By: BabyRuth (Three Beers) –
Cameron Crowe’s first non-documentary feature film in six years, We Bought A Zoo, opened in an early preview back on Thanksgiving to generate buzz for its Christmas weekend wide release. Not much came out of the sneak peek (aside from a hilarious but really dark parody Twitter account: @WEBOUGHTAZ00 ) and the film opened pretty quietly this past weekend in sixth place. It could be the instant punchline title to blame. Or it could be that theaters were saturated with other holiday family fare with The Adventures of Tintin, Warhorse, the already released Alvin and the Chipmunks: Chipwrecked, and The Muppets. Maybe it’s that audiences were wary since Crowe’s last effort, 2005’s uneven Elizabethtown, was a critical and commercial flop. Or maybe it’s that people still had a bad taste in their mouths from this:
Yup, when in doubt, blame Kevin James. Try it in everyday life, it works!
The story goes like this. Haunted by constant reminders of his recently deceased wife Katherine and dealing with his troubled 14 year old son Dylan (Colin Ford) who was recently expelled from school, grieving widower Benjamin Mee (Matt Damon) makes a decision to uproot his family and move to a new town. He finds the perfect house, but there is one major stipulation. Have you been paying attention? It comes along with a ZOO!, which the new owner must take on. The grounds, the animals, the staff, all of it. The ZOO! is extremely run down and needs major renovations in order to pass inspection and reopen in mere months. After approximately five minutes of deliberation, Benjamin decides to go for it. How hard could it really be?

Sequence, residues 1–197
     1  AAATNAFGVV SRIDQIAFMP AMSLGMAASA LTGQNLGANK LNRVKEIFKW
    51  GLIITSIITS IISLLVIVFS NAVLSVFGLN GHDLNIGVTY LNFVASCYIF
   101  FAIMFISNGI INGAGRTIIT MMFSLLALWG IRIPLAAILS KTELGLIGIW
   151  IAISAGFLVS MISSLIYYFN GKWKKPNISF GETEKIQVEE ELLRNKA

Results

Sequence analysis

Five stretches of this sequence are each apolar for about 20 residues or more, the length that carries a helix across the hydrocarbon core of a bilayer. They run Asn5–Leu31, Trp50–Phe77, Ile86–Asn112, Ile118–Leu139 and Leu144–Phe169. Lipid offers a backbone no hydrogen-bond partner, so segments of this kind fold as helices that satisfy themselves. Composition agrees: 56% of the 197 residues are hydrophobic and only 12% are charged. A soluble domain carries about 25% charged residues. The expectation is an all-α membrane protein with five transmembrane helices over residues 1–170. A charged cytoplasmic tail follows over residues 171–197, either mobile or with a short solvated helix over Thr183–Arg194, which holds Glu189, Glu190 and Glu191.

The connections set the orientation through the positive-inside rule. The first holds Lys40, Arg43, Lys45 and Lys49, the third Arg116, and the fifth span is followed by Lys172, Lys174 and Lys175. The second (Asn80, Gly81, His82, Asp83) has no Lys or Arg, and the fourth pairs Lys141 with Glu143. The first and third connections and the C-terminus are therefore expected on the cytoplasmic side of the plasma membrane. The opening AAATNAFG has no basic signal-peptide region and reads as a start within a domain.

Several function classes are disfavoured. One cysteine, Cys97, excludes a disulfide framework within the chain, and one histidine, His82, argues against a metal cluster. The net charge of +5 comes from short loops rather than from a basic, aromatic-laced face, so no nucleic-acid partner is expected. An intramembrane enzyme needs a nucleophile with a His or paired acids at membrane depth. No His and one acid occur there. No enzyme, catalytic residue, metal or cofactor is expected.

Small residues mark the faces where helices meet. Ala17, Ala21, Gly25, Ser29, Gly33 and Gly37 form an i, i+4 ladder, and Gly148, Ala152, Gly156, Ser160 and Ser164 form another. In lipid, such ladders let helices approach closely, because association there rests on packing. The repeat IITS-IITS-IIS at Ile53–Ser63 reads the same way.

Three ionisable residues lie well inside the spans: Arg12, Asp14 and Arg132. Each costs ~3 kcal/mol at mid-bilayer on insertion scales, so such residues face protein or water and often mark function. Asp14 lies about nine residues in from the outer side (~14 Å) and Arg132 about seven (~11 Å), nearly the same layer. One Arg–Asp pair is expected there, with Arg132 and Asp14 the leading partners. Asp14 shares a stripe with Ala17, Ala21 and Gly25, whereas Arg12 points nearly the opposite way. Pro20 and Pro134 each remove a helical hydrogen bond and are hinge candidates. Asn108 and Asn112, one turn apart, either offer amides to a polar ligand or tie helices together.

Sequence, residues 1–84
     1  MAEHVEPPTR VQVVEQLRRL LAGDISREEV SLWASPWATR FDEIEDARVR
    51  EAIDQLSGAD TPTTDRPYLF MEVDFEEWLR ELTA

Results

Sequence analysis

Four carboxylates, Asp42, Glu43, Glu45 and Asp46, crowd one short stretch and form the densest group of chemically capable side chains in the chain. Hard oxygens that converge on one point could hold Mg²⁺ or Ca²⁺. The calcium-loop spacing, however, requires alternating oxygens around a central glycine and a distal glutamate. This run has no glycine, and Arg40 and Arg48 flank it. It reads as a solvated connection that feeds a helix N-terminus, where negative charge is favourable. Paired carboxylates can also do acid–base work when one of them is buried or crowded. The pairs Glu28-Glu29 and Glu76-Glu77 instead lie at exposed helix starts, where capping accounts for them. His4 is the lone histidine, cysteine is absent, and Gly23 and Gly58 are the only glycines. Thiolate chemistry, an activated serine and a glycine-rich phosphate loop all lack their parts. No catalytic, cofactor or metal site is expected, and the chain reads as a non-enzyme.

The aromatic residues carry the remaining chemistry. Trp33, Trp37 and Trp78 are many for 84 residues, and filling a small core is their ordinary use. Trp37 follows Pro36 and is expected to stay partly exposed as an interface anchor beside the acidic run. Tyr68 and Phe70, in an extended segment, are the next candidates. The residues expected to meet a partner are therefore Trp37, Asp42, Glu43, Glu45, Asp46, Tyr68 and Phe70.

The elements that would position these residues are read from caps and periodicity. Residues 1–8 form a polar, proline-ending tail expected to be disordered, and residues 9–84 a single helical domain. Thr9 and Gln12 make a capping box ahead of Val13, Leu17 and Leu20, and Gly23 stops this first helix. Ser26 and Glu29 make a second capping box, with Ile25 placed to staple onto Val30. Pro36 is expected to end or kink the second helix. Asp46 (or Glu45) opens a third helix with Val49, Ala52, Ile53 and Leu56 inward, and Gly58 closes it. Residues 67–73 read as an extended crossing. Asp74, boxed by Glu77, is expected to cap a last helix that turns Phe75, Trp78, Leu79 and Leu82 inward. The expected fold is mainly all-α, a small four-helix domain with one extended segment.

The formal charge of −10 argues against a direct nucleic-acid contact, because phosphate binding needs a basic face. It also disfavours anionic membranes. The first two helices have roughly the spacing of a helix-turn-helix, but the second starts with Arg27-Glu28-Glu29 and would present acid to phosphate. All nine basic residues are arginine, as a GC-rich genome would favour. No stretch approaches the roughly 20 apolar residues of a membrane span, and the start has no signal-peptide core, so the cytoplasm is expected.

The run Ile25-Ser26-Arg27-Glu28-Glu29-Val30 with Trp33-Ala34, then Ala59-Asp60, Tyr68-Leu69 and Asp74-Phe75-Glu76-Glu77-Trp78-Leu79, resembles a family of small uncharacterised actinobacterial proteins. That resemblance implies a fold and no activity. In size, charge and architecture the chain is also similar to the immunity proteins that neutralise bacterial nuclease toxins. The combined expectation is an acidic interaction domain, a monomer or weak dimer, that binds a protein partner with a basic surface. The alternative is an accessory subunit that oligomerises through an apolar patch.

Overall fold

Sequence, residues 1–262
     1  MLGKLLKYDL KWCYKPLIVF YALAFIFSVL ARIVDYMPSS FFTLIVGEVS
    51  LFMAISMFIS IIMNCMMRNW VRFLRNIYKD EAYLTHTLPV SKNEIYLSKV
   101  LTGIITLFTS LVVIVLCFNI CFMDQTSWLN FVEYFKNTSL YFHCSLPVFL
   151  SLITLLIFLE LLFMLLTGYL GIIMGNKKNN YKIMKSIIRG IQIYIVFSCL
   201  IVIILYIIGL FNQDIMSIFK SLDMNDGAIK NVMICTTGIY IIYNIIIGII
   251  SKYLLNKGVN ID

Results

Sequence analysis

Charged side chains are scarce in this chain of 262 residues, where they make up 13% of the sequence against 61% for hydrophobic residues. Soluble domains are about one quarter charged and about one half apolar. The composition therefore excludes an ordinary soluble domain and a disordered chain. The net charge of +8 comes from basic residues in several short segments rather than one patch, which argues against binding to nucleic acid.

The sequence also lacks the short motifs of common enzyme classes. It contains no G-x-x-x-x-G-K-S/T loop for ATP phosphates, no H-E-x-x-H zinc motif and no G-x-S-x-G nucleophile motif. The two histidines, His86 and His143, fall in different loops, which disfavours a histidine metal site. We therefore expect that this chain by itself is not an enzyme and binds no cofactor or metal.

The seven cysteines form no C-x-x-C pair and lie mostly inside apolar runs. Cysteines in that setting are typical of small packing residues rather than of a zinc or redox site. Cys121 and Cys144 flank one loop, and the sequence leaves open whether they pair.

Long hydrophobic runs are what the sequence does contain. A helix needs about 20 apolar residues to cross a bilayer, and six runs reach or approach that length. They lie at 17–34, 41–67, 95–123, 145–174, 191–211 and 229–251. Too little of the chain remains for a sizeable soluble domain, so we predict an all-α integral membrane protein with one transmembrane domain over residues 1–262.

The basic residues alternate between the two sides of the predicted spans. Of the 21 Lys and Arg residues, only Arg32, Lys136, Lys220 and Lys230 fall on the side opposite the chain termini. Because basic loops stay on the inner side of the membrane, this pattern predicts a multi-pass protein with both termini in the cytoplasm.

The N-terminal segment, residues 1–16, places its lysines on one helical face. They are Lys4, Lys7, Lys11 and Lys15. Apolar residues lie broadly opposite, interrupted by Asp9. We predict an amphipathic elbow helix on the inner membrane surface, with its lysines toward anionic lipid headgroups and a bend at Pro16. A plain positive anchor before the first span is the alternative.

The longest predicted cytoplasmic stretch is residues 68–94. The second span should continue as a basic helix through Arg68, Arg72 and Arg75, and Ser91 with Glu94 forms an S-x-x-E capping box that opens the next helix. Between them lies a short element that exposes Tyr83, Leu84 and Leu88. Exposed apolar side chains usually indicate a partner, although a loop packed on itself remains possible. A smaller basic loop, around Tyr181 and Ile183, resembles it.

You’re probably thinking, “Oh come on, this stuff doesn’t really happen.” But it does and did. This is a true story. People buy zoos all the time! The film adaptation of the real Benjamin Mee’s novel does take a few artistic liberties, most notably moving the story from England to California and setting the action six months after the passing of Katherine (in actuality, the family purchased the zoo while she was still alive rather than Benjamin’s impulse buy to start fresh after her death as is depicted in the film). Pretty major changes, but they allow Crowe to use the zoo to serve as a means for Benjamin and his family’s catharsis.
First off, Kevin James is nowhere to be found! Salut!
Secondly, it’s Cameron Crowe. There is no doubt that We Bought a Zoo is a Cameron Crowe film. If you are a fan (as I am), this is reason enough to check it out. All his trademarks are there. The careful selection of music to set a mood, quirky characters (including Almost Famous’ Patrick Fugit), and that certain brand of sweetness that comes from a Cameron Crowe movie.